Please have pity on a newbie

I would like to enable SSL on our church web site. I have a VERY basic question – please don’t mock me!! I’m using a LetsEncrypt certificate on me personal web page, but that has very little traffic.

The “rate limit” page says “The main limit is Certificates per Registered Domain , (50 per week). A registered domain is, generally speaking, the part of the domain you purchased from your domain name registrar. For instance, in the name , the registered domain is . In , the registered domain is . We use the Public Suffix Listto calculate the registered domain.

Does this mean that only 50 people per week can use the web site? In other words, is the certificate “issued” when the user accesses the web site and uses the certificate? Or is limiting me to the number of domains?

Thank you very much,

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The word issued refers to how many times a certificate is issued to (or renewed by) the requesting client software. Or to put it another way, a certificate is issued when the software client obtain or renews a certificate. It does not refer to how many times someone connects to the site using the certificate.


I am going to ask again for your forgiveness. I’ve been programming for 35 years, but never had to deal with web site security before – there were always other people for that!

“a certificate is issued when the software client obtain…” Is the software client the web server or the person sitting in Timbuktu views the web site with their browser.

I guess the bottom line question is: If the certificate limits to 50 issues a week – does that mean that only 50 people can access the web site per week?

Thanks again!

Hi @jfstoves,

The certificate is a file which confirms that the certificate authority has verified the site’s cryptographic key. The content of the file doesn’t change and it doesn’t get “used up” in any way. The certificate authority (like Let’s Encrypt) doesn’t necessarily know when the certificate is used (presented), or where, by whom, or to whom—much like a government entity that issues a driver license doesn’t necessarily know when or where you show that license to someone.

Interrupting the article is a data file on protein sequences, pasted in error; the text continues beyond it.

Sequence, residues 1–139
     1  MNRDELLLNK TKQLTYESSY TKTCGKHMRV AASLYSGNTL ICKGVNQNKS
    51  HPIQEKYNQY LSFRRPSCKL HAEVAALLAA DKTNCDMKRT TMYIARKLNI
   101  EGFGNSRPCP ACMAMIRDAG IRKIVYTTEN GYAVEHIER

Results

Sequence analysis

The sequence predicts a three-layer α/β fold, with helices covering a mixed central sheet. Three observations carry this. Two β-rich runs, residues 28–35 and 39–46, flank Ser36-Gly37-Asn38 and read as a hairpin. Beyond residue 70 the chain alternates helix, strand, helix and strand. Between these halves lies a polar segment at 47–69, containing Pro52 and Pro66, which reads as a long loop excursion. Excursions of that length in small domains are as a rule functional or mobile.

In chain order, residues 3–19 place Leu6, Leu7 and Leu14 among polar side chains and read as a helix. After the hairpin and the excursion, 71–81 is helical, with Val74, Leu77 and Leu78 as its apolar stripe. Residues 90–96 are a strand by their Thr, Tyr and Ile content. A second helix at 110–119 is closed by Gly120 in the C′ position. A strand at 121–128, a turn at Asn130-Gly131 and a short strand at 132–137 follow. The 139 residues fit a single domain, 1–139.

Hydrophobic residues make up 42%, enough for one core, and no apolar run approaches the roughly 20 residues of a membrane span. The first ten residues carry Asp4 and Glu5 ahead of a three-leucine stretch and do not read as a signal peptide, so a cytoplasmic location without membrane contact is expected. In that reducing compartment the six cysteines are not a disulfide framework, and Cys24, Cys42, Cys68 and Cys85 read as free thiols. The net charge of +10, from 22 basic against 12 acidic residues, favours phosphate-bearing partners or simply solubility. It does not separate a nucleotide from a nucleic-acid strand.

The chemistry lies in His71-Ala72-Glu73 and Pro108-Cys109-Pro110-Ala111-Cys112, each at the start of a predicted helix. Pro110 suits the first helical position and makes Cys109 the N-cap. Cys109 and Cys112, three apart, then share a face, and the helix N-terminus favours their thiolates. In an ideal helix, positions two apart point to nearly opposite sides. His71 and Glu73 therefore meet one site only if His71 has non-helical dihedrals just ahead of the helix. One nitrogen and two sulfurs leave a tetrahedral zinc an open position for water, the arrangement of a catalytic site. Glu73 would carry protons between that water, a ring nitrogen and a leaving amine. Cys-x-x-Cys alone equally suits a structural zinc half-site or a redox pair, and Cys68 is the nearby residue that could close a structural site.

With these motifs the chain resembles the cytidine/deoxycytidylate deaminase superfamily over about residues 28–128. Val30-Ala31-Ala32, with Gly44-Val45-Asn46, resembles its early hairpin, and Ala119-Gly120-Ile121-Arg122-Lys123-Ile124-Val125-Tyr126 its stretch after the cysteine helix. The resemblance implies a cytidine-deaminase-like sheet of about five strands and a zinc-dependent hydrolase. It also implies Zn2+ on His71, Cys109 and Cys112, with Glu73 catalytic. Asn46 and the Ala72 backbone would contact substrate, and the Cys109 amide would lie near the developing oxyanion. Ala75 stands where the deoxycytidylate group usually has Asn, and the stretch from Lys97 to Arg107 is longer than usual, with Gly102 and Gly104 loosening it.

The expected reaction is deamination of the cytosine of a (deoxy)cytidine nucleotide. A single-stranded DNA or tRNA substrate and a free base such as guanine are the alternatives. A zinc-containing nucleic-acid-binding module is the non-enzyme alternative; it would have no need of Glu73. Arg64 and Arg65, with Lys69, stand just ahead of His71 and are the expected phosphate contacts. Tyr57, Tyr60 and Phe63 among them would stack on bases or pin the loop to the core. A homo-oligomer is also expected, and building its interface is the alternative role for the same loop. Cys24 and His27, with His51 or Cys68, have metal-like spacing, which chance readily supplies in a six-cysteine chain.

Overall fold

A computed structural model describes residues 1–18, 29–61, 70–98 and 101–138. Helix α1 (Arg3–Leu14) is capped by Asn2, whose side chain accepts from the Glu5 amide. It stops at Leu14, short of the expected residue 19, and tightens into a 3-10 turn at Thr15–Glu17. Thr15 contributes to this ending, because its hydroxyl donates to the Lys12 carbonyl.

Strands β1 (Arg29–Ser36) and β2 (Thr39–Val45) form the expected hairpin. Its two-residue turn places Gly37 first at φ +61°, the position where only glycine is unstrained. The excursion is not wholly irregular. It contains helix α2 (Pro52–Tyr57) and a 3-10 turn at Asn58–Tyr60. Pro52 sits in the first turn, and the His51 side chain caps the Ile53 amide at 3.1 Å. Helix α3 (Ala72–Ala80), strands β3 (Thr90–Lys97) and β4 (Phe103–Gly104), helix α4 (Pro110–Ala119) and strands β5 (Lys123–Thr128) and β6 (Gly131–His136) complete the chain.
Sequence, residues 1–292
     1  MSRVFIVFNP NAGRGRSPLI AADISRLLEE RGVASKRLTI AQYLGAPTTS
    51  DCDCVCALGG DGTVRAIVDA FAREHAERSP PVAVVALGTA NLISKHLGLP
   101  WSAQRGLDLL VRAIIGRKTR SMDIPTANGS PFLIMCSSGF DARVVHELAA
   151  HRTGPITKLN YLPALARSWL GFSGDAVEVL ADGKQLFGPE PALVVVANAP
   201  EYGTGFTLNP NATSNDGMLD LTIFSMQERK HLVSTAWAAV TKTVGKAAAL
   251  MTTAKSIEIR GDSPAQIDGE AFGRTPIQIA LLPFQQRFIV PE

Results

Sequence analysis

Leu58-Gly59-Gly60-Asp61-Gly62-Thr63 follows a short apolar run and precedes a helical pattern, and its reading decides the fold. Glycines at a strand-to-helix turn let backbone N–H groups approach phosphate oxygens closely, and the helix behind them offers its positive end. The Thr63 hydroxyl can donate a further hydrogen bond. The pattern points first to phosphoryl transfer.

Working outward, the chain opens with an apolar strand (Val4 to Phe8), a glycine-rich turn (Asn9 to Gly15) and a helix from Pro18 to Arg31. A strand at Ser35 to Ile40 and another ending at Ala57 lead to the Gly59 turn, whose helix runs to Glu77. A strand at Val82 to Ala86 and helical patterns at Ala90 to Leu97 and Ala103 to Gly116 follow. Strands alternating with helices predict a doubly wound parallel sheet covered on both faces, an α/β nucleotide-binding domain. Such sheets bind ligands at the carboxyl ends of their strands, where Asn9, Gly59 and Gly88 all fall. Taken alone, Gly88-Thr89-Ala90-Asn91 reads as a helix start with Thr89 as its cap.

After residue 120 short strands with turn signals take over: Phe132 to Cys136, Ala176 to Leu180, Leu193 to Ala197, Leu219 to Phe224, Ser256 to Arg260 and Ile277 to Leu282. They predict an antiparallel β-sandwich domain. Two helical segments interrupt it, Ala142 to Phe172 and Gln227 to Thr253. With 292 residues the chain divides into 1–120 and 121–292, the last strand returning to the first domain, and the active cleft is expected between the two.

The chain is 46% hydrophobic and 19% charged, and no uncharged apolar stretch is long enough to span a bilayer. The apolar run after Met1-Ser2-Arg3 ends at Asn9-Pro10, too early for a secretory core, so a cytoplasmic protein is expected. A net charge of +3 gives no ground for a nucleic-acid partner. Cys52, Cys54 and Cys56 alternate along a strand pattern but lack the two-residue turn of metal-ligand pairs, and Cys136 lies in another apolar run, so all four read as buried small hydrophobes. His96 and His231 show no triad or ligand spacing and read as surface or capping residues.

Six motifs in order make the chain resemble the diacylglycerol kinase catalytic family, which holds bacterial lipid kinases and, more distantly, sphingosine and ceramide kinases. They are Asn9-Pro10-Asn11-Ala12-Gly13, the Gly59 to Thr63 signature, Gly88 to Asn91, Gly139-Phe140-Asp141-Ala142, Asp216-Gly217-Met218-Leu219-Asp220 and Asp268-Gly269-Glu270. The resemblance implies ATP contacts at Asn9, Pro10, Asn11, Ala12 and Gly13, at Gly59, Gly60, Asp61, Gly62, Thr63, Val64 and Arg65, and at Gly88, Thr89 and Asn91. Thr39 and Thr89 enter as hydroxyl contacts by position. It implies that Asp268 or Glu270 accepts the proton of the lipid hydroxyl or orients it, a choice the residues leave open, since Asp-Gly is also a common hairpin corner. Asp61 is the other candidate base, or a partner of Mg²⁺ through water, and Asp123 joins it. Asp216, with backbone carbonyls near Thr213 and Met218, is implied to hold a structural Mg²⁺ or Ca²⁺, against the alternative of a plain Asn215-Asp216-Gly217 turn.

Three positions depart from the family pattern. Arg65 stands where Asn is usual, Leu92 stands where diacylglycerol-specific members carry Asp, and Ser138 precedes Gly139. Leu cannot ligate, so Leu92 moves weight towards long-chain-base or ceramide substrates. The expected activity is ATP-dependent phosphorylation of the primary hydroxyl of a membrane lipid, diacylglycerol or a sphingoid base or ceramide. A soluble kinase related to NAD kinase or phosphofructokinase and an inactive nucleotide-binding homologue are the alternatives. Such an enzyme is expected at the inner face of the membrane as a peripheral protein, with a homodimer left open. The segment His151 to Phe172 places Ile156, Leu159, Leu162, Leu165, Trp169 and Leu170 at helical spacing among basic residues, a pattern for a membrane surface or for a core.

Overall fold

Certificate issuance means that the certificate authority creates a new certificate. For Let’s Encrypt, this only has to happen once every couple of months. Since the certificate is a file, it can be copied indefinitely and used over and over again without any further intervention by the CA¹. The CA does not necessarily know, and does not attempt to control or restrict, how many people visit your web site. The act of visiting your site will cause a use of your certificate, but that’s distinct from the issuance (creation) of the certificate.

The “client software” that requests issuance of the certificate is usually a tool like Certbot that you run on your web server for this purpose.

As a specific example, this site (, the Let’s Encrypt Community Forum) uses Let’s Encrypt certificates. The site is quite popular and is visited by many thousands of people per day, so its certificate is used (and verified by individual users’ web browsers) many thousands of times per day. However, in the whole history of this site, it has only needed to have 27 certificates issued from Let’s Encrypt.

Those 27 certificates are the only thing that counts against the rate limit that you read about, and you can see that the site has only needed to issue 27 certificates over the course of 2.5 years!

¹ There is a mechanism called OCSP and another mechanism called OCSP stapling in which the CA can be involved on an ongoing basis in proactively confirming that the certificate hasn’t been revoked and is still valid. The OCSP mechanisms can involve browsers choosing to contact the CA to check that the certificate is still good, which does use some CA resources and require ongoing action on the CA’s part. Nonetheless, Let’s Encrypt has no particular limitation that I know of on how often OCSP queries will be answered, and these technologies aren’t associated with a particular Let’s Encrypt rate limit or limit on how often people can visit a web site. Perhaps a limit exists or would exist if, say, hundreds of millions of users frequently used browsers to visit a site in a way that resulted in OCSP queries on each visit. So far, this has never been an issue in the whole history of the Let’s Encrypt project.


jfstoves – I apologize for the delay. Work so screws up my life. And taxes too.

BUT – this was exactly the explanation I needed! Thank you so much.

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